This is where things get a leeeetle bit blurry, and I'm not sure if I have the sequence right. At some point, the nurse insisted that I get into bed so they could attach me to a fetal heart rate monitor and put in an IV. That was the second-worst part of the labor for me, after the car ride. (I have to admit that a home birth sounds pretty good for that reason)! The wireless heart rate monitors weren't working, so I had to stay in bed while they monitored me for 20 minutes, and the strap of the monitor around my abdomen was incredibly uncomfortable. Women, imagine that someone tried to make you wear a really tight belt during the worst menstrual cramps of your life, and you'll have some idea of the sensation. I also really didn't want the IV put in, although I had discussed using a heparin lock with my OB ahead of time. I just wanted to focus on the feelings of the contractions, and I wanted to be moving constantly--the last thing in the world I wanted to do was stay still for someone to put a needle in my vein. But I finally agreed.
I was not a happy camper at that point, and got up to labor in the bathroom. I think in retrospect I was in transition then. I was cursing a lot, and my husband says he started to feel scared. I think maybe my doula encouraged me to move out of the bathroom, but I'm not sure. I got back on the bed again, and I started to do a better job of melting into the bed between contractions. I know that my doula was talking to me a lot, and I found her touch comforting, although I don't remember exactly what she did or said. I do remember liking it when she said, at the end of a contraction, "that one's done now. You don't have to have that one ever again."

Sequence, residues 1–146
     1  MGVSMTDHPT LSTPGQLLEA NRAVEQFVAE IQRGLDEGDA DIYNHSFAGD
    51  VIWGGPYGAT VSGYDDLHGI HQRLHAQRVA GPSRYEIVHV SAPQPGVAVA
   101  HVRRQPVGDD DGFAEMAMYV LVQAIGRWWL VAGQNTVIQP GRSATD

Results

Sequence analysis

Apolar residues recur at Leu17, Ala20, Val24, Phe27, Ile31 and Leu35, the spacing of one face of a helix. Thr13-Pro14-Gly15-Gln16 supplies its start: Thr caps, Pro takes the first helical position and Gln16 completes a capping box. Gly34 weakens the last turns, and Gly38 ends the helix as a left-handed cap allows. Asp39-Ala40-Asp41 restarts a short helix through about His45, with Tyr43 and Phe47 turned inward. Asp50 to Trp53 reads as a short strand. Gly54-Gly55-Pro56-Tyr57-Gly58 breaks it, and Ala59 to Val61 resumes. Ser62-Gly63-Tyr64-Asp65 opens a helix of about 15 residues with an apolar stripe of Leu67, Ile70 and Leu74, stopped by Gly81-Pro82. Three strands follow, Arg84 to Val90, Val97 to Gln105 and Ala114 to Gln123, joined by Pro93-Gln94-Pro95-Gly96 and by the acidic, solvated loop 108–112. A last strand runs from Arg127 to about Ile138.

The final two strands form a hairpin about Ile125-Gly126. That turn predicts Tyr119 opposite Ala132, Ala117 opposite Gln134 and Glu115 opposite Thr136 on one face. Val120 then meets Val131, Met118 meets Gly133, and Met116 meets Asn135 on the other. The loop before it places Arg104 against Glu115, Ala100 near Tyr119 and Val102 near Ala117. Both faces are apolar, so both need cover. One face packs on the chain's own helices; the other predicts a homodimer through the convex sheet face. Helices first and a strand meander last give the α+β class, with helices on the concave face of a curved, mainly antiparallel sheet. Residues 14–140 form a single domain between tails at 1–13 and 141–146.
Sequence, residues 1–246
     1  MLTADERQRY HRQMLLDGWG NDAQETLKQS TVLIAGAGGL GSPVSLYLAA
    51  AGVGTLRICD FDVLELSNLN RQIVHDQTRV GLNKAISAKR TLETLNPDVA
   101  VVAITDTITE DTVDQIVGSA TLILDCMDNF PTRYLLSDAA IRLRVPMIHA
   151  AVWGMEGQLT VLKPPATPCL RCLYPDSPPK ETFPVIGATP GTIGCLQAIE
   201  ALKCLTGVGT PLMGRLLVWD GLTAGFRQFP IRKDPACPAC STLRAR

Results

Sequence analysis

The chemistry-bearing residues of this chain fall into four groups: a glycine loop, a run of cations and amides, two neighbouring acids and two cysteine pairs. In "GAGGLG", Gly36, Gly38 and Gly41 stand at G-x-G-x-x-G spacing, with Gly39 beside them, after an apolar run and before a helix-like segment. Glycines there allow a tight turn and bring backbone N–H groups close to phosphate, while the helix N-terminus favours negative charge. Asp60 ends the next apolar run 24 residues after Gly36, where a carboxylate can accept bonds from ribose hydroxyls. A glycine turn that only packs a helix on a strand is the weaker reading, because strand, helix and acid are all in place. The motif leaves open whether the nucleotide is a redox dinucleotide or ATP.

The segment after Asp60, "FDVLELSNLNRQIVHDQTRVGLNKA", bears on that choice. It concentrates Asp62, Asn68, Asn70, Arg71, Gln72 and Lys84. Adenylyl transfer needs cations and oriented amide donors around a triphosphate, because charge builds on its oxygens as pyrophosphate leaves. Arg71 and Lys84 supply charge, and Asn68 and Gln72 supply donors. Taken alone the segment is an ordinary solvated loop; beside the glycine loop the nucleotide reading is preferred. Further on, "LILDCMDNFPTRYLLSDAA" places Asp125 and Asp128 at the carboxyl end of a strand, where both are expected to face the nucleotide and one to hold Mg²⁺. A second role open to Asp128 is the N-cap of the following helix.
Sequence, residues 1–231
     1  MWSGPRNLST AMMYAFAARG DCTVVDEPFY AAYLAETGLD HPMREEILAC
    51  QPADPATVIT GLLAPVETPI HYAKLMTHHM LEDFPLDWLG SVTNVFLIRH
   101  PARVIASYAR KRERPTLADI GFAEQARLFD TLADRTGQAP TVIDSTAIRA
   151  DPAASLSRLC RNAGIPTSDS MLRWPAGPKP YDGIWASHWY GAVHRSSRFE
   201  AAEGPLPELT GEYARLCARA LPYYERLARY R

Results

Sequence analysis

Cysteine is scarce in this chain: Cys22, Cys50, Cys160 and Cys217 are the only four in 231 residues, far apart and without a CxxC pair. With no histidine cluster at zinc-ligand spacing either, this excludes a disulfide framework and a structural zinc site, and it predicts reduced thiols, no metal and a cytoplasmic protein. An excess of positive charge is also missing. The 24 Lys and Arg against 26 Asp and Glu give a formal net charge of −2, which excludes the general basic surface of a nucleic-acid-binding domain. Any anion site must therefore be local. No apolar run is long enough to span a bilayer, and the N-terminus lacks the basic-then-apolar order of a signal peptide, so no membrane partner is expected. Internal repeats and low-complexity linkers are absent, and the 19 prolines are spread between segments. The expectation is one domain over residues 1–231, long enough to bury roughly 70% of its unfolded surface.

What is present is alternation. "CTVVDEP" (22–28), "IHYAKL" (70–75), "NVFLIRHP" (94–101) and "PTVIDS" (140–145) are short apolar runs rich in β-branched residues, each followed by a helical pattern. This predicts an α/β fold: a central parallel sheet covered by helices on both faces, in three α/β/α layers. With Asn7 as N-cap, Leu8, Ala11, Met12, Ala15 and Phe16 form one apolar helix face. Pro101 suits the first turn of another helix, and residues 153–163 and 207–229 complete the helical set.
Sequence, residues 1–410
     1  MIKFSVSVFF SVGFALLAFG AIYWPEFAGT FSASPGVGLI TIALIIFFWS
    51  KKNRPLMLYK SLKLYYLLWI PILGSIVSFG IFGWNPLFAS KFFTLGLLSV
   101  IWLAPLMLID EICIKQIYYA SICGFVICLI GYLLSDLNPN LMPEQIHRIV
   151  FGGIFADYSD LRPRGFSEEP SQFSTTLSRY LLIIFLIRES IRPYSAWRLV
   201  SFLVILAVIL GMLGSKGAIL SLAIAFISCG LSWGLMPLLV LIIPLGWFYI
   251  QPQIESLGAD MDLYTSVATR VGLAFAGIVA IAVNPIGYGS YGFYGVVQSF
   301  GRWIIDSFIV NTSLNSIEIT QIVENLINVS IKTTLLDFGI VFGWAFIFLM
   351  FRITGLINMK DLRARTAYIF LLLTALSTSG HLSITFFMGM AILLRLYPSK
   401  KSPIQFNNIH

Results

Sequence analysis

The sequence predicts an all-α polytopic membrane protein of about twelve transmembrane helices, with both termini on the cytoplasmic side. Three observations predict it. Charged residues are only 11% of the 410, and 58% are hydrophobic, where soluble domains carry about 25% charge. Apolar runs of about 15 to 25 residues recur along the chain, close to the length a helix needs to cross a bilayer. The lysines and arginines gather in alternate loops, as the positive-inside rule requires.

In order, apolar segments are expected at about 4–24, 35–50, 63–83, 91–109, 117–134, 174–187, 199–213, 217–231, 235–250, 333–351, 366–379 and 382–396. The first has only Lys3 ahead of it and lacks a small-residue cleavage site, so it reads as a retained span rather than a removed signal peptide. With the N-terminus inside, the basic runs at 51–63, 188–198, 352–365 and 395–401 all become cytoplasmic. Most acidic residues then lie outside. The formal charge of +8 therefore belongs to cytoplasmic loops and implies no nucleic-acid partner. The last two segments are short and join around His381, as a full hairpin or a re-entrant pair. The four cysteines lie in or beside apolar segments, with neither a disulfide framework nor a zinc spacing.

At one point, during an odd moment of clarity, I turned to my husband and said, "This is just barbaric." Everyone in the room laughed. I think I was even able to find it a little funny myself!
I started to grunt during contractions, so they checked me again, and I was 8 cm dilated. It was 5:30, so I had progressed 3 cm in an hour. I really started to feel like I wanted to push soon after that but they asked me to pant through the contractions to avoid pushing. It quickly became very, very hard not to push during contractions. Oh, it just felt so good, so right, to start pushing! Finally the doctor came back in and checked me again and said I could push.